3-D printer builds synthetic tissues

Apr 04, 2013
A custom-built programmable 3D printer can create materials with several of the properties of living tissues, Oxford University scientists have demonstrated: Droplet network c.500 microns across with electrically conductive pathway between electrodes mimicking nerve. Credit: Oxford University/G Villar

A custom-built programmable 3D printer can create materials with several of the properties of living tissues, Oxford University scientists have demonstrated.

The new type of material consists of thousands of connected , encapsulated within films, which can perform some of the functions of the cells inside our bodies.

These printed 'droplet networks' could be the of a new kind of technology for delivering drugs to places where they are needed and potentially one day replacing or interfacing with damaged human tissues. Because droplet networks are entirely synthetic, have no genome and do not replicate, they avoid some of the problems associated with other approaches to creating – such as those that use .

The team report their findings in this week's Science.

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A custom-built programmable 3D printer can create materials with several of the properties of living tissues, Oxford University scientists have demonstrated: Video of flower-like droplet network folding into hollow ball c.400 microns across: Credit: Oxford University/G Villar

"We aren't trying to make materials that faithfully resemble tissues but rather structures that can carry out the functions of tissues," said Professor Hagan Bayley of Oxford University's Department of Chemistry, who led the research. 'We've shown that it is possible to create networks of tens of thousands connected droplets. The droplets can be printed with protein pores to form pathways through the network that mimic nerves and are able to transmit from one side of a network to the other.'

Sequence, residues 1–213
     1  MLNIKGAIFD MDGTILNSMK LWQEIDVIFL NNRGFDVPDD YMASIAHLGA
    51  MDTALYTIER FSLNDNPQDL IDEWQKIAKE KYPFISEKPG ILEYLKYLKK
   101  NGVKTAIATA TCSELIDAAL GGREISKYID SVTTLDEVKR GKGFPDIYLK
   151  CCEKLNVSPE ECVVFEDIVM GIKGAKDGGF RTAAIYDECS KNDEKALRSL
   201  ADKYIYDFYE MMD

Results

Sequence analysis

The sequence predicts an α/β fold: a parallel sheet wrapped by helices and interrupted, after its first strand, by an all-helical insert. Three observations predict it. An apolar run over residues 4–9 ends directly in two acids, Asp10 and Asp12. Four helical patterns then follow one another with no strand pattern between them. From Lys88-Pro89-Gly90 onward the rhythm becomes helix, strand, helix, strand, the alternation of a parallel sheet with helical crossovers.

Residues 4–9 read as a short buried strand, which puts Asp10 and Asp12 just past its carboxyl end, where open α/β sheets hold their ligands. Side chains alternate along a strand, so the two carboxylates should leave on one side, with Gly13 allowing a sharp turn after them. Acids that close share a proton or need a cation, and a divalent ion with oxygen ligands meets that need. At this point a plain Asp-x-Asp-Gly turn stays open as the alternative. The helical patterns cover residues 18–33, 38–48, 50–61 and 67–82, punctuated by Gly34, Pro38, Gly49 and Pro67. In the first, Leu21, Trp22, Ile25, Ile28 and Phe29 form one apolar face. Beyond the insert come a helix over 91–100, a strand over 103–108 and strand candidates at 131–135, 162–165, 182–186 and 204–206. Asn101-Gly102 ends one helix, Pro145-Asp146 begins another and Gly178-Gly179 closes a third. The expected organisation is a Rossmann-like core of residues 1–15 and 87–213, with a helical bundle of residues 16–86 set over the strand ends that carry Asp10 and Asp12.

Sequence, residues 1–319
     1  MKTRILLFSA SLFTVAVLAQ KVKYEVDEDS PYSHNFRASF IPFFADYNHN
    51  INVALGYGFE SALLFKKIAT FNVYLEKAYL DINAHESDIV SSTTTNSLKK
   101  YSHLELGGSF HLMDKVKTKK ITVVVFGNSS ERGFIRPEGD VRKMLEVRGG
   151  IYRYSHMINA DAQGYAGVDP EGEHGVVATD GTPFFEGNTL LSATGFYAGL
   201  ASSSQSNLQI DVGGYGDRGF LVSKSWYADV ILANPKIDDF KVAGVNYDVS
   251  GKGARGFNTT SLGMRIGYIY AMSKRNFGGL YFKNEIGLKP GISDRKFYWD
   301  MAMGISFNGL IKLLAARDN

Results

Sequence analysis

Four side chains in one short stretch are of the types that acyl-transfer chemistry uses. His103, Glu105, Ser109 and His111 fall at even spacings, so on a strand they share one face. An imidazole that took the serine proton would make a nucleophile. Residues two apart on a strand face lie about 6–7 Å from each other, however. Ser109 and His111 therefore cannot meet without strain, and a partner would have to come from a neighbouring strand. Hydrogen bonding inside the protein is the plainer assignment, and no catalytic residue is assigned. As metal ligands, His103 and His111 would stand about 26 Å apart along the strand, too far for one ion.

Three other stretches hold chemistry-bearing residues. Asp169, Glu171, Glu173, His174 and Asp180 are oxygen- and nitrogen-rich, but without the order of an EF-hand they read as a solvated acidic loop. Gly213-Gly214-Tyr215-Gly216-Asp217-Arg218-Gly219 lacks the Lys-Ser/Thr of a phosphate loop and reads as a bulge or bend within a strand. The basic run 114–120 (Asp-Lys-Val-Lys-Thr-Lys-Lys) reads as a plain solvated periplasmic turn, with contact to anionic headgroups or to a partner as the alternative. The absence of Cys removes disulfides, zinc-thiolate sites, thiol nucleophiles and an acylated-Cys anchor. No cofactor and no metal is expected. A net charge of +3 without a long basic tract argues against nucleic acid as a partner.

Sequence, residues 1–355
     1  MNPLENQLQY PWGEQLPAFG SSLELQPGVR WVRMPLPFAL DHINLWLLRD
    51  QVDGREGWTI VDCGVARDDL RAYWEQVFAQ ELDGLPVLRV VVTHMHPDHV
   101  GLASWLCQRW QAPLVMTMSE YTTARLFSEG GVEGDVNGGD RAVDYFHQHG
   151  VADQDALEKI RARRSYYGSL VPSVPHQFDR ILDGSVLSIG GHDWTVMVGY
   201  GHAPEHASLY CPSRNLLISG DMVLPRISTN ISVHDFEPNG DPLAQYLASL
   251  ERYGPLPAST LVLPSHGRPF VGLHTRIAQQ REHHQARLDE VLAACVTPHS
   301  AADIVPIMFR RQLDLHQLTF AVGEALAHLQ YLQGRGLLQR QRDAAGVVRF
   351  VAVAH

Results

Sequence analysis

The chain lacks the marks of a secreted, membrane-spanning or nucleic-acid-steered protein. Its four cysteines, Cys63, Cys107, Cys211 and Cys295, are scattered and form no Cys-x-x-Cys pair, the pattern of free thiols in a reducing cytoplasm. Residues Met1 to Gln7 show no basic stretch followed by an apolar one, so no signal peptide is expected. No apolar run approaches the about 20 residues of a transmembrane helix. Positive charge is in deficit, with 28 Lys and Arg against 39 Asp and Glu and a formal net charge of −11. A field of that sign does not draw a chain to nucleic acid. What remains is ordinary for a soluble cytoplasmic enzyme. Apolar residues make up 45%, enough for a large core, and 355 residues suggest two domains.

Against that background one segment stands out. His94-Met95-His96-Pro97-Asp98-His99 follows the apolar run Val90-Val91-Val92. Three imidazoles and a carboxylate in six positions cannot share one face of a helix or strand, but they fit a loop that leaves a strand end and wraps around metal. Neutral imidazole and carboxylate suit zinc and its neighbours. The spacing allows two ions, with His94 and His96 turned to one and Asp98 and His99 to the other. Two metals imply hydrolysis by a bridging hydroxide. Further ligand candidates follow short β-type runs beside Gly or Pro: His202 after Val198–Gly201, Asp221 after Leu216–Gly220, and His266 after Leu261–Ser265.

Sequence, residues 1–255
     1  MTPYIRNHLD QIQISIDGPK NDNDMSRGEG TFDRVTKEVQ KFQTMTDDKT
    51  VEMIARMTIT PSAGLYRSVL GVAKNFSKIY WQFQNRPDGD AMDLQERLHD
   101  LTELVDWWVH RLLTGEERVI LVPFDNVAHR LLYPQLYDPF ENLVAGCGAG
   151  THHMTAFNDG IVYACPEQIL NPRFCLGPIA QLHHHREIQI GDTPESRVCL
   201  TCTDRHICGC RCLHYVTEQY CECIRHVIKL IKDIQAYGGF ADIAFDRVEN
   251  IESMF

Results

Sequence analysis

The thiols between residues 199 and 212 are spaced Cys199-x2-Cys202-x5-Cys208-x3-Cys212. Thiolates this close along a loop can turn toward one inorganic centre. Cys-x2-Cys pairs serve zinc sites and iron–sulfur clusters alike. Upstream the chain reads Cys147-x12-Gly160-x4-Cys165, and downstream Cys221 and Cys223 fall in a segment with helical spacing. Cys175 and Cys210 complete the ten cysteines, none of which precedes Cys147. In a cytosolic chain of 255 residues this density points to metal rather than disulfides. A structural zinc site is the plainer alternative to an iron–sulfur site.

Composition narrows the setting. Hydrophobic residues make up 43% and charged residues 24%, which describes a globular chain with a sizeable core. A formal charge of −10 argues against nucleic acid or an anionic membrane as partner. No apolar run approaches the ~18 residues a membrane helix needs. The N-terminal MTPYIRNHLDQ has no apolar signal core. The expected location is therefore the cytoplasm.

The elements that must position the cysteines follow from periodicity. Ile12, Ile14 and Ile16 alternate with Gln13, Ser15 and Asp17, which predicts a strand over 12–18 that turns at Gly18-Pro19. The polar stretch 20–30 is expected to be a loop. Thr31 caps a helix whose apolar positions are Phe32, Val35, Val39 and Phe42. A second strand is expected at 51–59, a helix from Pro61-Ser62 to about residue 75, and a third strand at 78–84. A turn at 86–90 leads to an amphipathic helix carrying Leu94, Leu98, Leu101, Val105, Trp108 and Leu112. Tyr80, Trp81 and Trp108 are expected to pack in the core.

Each droplet is an aqueous compartment about 50 microns in diameter. Although this is around five times larger than living cells the researchers believe there is no reason why they could not be made smaller. The networks remain stable for weeks.

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Simulation showing network folding into hollow ball. Credit: Oxford University/G Villar

"Conventional 3D printers aren't up to the job of creating these droplet networks, so we custom built one in our Oxford lab to do it,' said Professor Bayley. 'At the moment we've created networks of up to 35,000 droplets but the size of network we can make is really only limited by time and money. For our experiments we used two different types of droplet, but there's no reason why you couldn't use 50 or more different kinds."

The unique was built by Gabriel Villar, a DPhil student in Professor Bayley's group and the lead author of the paper.

Droplet network that self-folded into hollow ball c.400 microns across. Credit: Oxford University/G Villar

The droplet networks can be designed to fold themselves into different shapes after printing – so, for example, a flat shape that resembles the petals of a flower is 'programmed' to fold itself into a hollow ball, which cannot be obtained by direct printing. The folding, which resembles muscle movement, is powered by osmolarity differences that generate water transfer between droplets.

Droplet networks c.1 millimetre in diameter encapsulated inside an oil drop in bulk water. Credit: Oxford University/G Villar

Gabriel Villar of Oxford University's Department of Chemistry said: "We have created a scalable way of producing a new type of soft material. The printed structures could in principle employ much of the biological machinery that enables the sophisticated behaviour of living cells and tissues."

Explore further: Cells build 'cupboards' to store metals

More information: "A Tissue-Like Printed Material," by G. Villar et al, Science, 2013.

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Soylent_Grin
not rated yet Apr 05, 2013
We aren't trying to make materials that faithfully resemble tissues but rather structures that can carry out the functions of tissues

Interesting idea. If you were trying to print a lung, for instance, you could use materials or structures that are more efficient for gas diffusion than biological lungs, coat it with stem cells or surface proteins from the recipient, and not be constrained by what nature has kludged together.
Combine this with the research into growing custom blood vessels, maybe.

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